Monday, March 19, 2018


As is the case with many writers (and others) I suffer from depression, a fact that I’ve only recently been able to voice. Admitting to it seemed like a failure of character, a mental and physical weakness I’ve been ashamed of, so I’ve hidden it for years. Now I’m learning to admit it, and I’m seeking help. If you are anything like me, I hope that you too will speak to a doctor or councilor and try to find what help is out there. 

One of the hardest things about depression is that those who do not suffer from it have no frame of reference for what it’s like. They simply don’t understand what you have to feel bad about. I’ve written this bit of fantasy to try to illustrate what it’s like, at least for me. 

I live chained to a demon.

It follows me down the street, into the shops and churches and wild empty places. I cannot leave it behind no matter where I go or how fast I travel. The others in my world do not see the thing but it is there, the cold steel of our chain scraping against the ground with a clattering jangle, a constant reminder. 

Original art by Ella McPherson
“You won’t get me. Not today.”

It gives me nothing but a thin smile.

I should resume my search for salvation, for some enchanted dagger of elfin silver that might slay the beast or some  magic hammer that might shatter the chain. I have gone from one place to another searching for freedom, but I have begun to think it does not exist.  

I don’t have strength for another day of searching. Instead I do what I can to distance myself from my demon. I walk in the light, in the warm sunshine that seeps into my very bones and drives the chill of the chain away. I stretch. I work. I try not to think about the thing at the end of the chain. I move quickly, keeping the chain from growing slack. But it always follows, a darkness dwelling in dark shadows. 

I breathe a sigh of relief because I know I will not have to fight just then. “You can’t reach me! Not today.”

Again it gives only a smile.

I am afraid. Afraid of my own weakness and frailty and the fact that I know cannot stand against the savage strength of the demon. And I am afraid because I know I must sleep soon. Oh God above, I hate sleep! Not because of the sleeping, but rather the waking. Sometimes when I wake, I am safe. The creature at the end of the chain has remained crouching in the shadows where I left it. Those days I wonder if it might stay there this time, stay in the darkness and leave me in the light. But I know it will not.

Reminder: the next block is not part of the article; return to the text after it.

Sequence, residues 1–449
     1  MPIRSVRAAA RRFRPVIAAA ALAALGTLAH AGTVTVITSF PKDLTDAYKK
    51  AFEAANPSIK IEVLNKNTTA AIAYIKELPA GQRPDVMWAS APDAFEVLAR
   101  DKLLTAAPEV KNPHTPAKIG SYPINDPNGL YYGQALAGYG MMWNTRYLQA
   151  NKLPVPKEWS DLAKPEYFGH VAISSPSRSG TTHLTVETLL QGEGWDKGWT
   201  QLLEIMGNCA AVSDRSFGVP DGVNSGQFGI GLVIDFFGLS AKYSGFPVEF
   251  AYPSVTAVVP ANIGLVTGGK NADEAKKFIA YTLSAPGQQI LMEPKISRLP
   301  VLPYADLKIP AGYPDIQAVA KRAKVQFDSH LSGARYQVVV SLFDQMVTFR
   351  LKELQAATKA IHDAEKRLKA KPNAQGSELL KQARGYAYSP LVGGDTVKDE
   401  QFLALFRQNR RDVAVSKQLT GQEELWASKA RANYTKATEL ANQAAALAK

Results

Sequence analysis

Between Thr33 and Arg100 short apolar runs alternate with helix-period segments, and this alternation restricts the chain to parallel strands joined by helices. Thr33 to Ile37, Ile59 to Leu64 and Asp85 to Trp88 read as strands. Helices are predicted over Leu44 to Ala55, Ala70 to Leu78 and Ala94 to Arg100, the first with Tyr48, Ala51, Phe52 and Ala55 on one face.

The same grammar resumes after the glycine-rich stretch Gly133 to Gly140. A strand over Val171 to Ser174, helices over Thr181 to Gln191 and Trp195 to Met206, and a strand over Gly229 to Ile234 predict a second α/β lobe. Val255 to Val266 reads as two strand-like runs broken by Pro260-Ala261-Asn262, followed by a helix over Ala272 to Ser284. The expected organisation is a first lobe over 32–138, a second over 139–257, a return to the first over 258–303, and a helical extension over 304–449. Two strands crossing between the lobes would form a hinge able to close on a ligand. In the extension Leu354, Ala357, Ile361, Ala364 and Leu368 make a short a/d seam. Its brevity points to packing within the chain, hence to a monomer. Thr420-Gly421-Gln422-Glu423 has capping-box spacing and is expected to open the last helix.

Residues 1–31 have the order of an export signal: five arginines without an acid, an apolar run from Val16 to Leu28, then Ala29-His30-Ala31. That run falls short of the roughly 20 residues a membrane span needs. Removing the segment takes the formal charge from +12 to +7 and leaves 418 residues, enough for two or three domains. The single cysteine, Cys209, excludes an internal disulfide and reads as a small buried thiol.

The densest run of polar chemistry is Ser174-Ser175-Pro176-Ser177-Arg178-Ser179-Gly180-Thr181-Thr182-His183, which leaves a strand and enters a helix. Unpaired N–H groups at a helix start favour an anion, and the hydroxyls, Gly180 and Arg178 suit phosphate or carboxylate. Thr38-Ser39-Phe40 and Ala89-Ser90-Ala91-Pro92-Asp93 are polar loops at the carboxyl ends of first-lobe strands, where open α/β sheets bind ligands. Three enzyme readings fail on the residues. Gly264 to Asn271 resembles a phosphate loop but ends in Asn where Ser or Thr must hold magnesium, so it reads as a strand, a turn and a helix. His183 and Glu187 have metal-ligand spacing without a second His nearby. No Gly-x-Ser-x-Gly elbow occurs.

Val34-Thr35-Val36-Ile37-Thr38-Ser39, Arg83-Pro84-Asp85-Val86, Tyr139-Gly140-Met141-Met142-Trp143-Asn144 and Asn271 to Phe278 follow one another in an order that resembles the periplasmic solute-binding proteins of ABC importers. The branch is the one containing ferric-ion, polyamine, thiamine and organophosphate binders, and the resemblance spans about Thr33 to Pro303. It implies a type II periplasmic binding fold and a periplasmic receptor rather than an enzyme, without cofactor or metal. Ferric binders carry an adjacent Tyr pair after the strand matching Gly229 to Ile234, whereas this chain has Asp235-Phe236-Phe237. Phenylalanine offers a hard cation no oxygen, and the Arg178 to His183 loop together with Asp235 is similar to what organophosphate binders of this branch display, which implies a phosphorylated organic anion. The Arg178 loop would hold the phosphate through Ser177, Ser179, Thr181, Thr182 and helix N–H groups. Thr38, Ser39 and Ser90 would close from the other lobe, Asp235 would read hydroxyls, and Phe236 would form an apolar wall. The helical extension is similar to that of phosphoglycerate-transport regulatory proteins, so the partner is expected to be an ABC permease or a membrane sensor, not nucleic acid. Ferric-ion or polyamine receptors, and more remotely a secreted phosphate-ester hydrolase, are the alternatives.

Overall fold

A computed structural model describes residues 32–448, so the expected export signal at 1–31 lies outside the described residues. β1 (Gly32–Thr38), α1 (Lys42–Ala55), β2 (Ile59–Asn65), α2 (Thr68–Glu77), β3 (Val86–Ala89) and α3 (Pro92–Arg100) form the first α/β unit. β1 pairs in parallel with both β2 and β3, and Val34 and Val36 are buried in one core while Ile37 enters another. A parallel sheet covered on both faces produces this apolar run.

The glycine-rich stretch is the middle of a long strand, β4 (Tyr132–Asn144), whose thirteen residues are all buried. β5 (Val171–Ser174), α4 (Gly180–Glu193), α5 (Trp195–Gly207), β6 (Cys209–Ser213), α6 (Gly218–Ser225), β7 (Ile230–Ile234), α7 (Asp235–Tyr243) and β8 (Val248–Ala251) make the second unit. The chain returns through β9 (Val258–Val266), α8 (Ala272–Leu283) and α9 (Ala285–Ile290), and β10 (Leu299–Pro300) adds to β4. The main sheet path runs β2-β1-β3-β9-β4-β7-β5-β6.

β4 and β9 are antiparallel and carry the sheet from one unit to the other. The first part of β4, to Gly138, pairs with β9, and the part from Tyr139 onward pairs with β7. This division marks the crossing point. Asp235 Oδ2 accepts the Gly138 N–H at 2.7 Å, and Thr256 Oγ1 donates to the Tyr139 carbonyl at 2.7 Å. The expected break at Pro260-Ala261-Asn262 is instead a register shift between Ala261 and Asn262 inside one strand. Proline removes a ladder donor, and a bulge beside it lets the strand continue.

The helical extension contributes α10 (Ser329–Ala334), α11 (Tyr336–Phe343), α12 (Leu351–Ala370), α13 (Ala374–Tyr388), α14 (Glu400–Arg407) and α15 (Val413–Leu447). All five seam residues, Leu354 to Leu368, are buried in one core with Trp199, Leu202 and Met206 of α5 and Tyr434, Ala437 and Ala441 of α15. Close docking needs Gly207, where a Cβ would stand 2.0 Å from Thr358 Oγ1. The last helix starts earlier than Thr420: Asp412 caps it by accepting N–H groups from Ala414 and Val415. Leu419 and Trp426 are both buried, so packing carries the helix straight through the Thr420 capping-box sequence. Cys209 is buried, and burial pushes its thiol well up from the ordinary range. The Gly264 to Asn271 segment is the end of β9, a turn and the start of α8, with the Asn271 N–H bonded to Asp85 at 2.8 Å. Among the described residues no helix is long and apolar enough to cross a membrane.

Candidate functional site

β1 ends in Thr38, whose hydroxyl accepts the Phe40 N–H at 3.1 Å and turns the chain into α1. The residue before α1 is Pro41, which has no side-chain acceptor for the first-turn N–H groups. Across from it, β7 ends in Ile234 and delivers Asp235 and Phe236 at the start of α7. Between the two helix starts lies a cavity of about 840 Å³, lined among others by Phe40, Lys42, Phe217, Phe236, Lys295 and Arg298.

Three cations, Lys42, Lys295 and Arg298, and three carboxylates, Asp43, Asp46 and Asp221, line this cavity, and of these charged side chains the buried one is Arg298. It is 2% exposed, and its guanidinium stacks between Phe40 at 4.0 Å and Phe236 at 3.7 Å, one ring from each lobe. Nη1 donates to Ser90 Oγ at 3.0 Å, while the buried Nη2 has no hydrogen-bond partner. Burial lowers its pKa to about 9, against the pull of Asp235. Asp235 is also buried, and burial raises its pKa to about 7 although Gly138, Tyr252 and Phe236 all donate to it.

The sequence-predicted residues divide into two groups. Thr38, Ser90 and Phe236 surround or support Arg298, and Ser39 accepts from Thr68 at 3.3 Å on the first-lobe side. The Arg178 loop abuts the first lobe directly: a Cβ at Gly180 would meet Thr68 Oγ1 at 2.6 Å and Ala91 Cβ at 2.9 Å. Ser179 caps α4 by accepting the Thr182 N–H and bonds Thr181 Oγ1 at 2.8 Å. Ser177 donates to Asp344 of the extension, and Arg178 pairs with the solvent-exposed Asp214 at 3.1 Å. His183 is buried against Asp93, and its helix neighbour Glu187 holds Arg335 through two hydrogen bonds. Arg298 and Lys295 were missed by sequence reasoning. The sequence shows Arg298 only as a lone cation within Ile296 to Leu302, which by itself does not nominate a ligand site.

I move on. I push myself until I can go no farther and grudgingly I sink down to rest, certain I am as far as I can be from the demon as our tether allows.

“Didn’t get me today.”

“Not today,” it whispers back. 

I shiver and turn my back upon the dark creature.

"This time will be different. This time I'll be vigilant, even while I sleep," I resolve. The slightest sound of movement, the barest jingle of chain and I will be awake and running. Tonight will be different.

I sleep.

“Today,” it whispers.

I open my eyes. Somehow the demon perches over me, twisted features just inches from mine. I've not heard a thing.


“No! NO!” I try to scramble to my feet, try to run, to pull the chain taught but cold hands, strong as stone slam into me with the force of falling meteors. The demon batters my head, making my ears ring, my vision sway. 

“Today, weakling! Today!” it snarls. With a flick of its sinewy arm, it throws a loop of the chain around me. 

I am caught. I cannot move. 

The demon howls in glee. It slithers onto my back and its steel limbs wind round my throat. Slowly, slowly it squeezes until it feels as if my head and heart will burst. 

I thrash in the dark, slowly strangling, slowly dying alone. I can see the sunlight. I can see the people walking, just feet away. I try to scream, try to summon aid, but the people passing do not see my struggle. No! Someone is coming. A man in a gray coat comes to the edge of the shadow. I silently beg for him to pounce on the demon, to drive it from me but instead he crouches at the twilight edge of the shadows so that I can see his solemn face. He takes his hat off and regards me sadly with watery eyes. 

“I fought a demon when my mother died. They are strong and terrible.” 

“Help me!” I gasp.

“I found it best to avoid the dark places. Just stay in the light,” the man says. “Think of it this way: things could be so much worse. Here you can be in the light. You don't have to go into the darkness. You could live in a place where there is no light, where demons run free and there is no escape. None whatsoever. Imagine how terrible that would be.”


“Don’t worry. I am here with you,” he says. A surge of hope blossoms in my chest but then it erodes into shock and despair as he stands and walks away, shaking his head. 

I know this time I will die alone. 

The demon and I lie entangled, I slowly dying for a day, or maybe it is month ... a year? I do not know. My thrashing grows weaker and weaker until my strength fails all together. I lie in the darkness, the crushing limbs fixed around my throat. I wait for the end. 

The limbs slack. Air rushes into my starved lungs. 

The demon crawls away, kicking me numb and trembling back into the light. I gasp. I choke. Shaking, I slowly stand and look back at my foul attacker. The creature hunches in the darkness and smiles. It’s black eyes glint at me and it whispers, “Not today, weakling. Not today.”

I run. I run until the chain jerks taught and the fear returns.

I live chained to a demon.


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